I believe you stated the issues correctly.
A "true" or "authentic" NY style as made by professional pizza operators is usually (almost always?) baked on some kind of stone surface. Consequently, the amount of sugar in the dough is kept at fairly low levels, or omitted altogether, so as not to lead to premature browning or burning of the bottom crust. Some operators who like to include some sugar in the dough for flavor and other purposes (e.g., crust color) will sometimes put the unbaked pizza on a screen and put the screen directly on the stone surface. The screen in this case keeps the pizza a slight distance from the baking surface so that it doesn't overcook and burn. To get a better bottom crust (e.g., a crispier crust), the operator can slide the pizza off of the screen onto the stone baking surface toward the end of the bake and let it finish baking there. Commercial deck ovens have very large stone surfaces, so pizza size is usually not a limitation. They can easily handle, say, 16"-18" pizzas, and even larger, without a problem. In a typical home oven setting, size is usually an issue. The largest size pizza I can make directly on my pizza stone is 14", and just barely. For anything larger, up to 18" (the largest size my oven can accommodate and be able to close the oven door), I use a screen, as addressed in my last post.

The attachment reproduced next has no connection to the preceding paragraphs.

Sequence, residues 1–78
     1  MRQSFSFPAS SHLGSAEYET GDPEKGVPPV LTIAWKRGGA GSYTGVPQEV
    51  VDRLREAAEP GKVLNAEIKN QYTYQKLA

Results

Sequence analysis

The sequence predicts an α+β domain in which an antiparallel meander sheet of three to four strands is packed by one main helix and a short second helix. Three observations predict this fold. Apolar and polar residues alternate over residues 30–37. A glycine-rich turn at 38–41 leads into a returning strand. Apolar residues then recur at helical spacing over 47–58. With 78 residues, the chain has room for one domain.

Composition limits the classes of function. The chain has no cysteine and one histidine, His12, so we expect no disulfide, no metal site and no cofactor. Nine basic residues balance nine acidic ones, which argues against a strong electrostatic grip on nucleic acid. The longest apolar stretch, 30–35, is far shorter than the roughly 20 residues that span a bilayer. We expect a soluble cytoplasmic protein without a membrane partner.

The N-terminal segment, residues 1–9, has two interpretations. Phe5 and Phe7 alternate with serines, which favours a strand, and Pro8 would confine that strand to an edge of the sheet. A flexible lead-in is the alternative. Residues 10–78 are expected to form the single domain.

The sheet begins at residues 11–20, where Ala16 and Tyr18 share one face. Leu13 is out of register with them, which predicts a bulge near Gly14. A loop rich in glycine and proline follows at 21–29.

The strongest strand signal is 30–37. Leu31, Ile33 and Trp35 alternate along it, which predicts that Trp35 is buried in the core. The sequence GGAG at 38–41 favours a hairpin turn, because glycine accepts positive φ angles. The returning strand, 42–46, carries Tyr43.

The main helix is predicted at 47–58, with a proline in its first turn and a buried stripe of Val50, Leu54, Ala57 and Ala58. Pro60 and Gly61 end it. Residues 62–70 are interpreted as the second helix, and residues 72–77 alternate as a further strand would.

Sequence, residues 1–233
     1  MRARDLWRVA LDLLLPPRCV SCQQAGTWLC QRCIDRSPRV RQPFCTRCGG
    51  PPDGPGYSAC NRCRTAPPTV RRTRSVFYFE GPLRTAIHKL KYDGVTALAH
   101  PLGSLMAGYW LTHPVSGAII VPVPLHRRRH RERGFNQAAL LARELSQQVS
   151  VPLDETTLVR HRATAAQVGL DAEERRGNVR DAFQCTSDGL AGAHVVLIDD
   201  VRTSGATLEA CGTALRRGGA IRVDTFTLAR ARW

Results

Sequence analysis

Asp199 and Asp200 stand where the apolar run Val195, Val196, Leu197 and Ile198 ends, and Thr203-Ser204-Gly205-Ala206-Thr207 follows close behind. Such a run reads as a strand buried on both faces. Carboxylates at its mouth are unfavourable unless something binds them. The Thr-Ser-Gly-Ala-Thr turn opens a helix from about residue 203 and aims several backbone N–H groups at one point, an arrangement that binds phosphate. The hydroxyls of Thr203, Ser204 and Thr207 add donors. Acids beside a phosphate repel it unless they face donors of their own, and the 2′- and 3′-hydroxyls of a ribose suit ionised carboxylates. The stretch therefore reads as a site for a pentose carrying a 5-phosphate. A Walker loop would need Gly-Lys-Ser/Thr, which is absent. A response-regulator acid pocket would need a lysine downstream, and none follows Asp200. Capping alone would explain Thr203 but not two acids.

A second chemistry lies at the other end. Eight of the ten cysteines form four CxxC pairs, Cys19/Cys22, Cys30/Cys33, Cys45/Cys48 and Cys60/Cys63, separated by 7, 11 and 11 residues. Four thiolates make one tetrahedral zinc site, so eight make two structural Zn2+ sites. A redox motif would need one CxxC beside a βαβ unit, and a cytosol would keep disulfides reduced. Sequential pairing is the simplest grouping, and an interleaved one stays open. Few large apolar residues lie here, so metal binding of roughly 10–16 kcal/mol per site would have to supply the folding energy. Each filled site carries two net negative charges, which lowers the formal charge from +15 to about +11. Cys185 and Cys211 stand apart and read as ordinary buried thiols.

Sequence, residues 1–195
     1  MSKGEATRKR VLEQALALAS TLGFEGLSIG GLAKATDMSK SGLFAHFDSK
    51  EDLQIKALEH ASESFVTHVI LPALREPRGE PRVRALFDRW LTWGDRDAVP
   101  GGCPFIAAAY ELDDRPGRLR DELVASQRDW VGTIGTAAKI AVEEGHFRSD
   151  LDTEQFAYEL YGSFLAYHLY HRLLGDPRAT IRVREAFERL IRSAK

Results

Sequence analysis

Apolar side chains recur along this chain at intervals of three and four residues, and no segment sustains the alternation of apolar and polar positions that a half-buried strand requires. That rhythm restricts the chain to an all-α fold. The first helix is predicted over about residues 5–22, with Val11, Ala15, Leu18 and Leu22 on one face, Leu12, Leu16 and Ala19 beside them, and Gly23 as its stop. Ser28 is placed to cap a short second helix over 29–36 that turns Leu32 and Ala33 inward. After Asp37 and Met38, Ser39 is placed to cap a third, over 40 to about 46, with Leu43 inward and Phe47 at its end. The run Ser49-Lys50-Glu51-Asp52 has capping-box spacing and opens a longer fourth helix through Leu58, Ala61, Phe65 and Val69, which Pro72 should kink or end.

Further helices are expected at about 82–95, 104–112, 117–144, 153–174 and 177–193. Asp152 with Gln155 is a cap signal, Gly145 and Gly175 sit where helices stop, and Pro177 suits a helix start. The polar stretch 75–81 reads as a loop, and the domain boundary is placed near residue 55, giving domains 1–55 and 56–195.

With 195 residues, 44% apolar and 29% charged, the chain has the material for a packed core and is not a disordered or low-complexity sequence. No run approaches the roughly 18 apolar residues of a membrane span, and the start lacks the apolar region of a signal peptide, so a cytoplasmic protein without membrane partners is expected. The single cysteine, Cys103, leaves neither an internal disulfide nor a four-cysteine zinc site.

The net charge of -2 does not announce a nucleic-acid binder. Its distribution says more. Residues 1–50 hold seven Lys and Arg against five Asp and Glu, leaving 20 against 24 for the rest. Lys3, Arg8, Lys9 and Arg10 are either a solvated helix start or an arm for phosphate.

Most chains like those you mentioned use conveyor ovens. So they will use either screens or disks (and sometimes pans). The American style pizza made by the chains usually contains a fair amount of sugar in the dough. In most cases such a dough would brown prematurely or excessively if baked directly on a hot stone surface as used in a typical commercial deck oven. Conveyors operate at lower temperatures than deck ovens and the pizzas are usually cooked by heated air so the bottoms of the pizza crusts don't burn or brown prematurely. It is possible to bake an American style pizza on a stone surface but you would want to keep the sugar levels low or else use a screen/stone combination as mentioned above. This is less a problem in a home setting but even then you may want to experiment a bit with sugar levels until you get a better feel for what results you can get using your oven.